Web Developer

The job of the web developer is to take the layout and design deliverables from the web designer and convert them into a live form on a website, adding functionality to applicable elements in the layouts. Web developers use a broad range of programming tools, such as HTML, CSS, JavaScript, jQuery, and PHP to create or place the buttons, menus, logos, images, headers, footers, and other elements specified in the wireframes and Photoshop files on web pages. They also use the coding languages to create dynamic effects, such as color changes in buttons when a user hovers over them, or accordion content sections that collapse and expand when users click on them. Web developers must also make sure that important functions on a website or web app work properly. For instance, when a user fills out a form on a webpage, the developer must make sure that when the user clicks the submit button, the form is successfully submitted and saved to a database and that the designated person receives notification via email when a form is submitted. Overall, developers focus on the operational performance of a site both on the front end and also in the backend. Although they must be familiar with programming languages, they also use tools that facilitate tasks, such as CMS platforms like WordPress, plugins, and APIs that expand the capabilities that sites offer to their visitors.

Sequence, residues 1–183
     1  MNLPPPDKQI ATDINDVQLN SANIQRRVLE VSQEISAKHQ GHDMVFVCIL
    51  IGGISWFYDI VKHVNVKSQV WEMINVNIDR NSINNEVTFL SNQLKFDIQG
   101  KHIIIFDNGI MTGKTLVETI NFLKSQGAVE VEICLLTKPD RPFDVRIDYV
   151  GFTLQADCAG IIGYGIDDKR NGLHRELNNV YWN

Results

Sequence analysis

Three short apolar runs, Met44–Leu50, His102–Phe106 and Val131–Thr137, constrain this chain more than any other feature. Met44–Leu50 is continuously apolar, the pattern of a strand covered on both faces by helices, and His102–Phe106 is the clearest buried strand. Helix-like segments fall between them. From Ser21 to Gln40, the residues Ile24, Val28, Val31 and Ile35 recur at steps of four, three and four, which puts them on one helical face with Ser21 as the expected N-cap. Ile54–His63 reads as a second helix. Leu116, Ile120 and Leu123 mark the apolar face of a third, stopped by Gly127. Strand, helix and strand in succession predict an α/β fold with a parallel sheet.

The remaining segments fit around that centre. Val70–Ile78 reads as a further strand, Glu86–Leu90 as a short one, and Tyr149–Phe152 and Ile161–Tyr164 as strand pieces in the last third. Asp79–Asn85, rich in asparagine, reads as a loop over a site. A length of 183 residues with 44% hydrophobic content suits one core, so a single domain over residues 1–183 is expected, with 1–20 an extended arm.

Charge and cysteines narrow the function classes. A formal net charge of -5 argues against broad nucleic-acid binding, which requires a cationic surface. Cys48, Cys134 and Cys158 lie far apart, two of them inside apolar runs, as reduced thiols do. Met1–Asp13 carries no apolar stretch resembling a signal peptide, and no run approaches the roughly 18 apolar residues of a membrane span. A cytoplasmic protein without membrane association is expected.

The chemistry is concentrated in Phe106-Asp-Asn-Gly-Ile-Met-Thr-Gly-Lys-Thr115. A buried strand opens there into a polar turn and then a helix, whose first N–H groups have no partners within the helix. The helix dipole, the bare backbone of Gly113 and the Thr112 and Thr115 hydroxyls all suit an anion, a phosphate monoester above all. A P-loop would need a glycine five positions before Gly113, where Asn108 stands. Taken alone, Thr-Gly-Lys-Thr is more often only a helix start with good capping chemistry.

UX Designer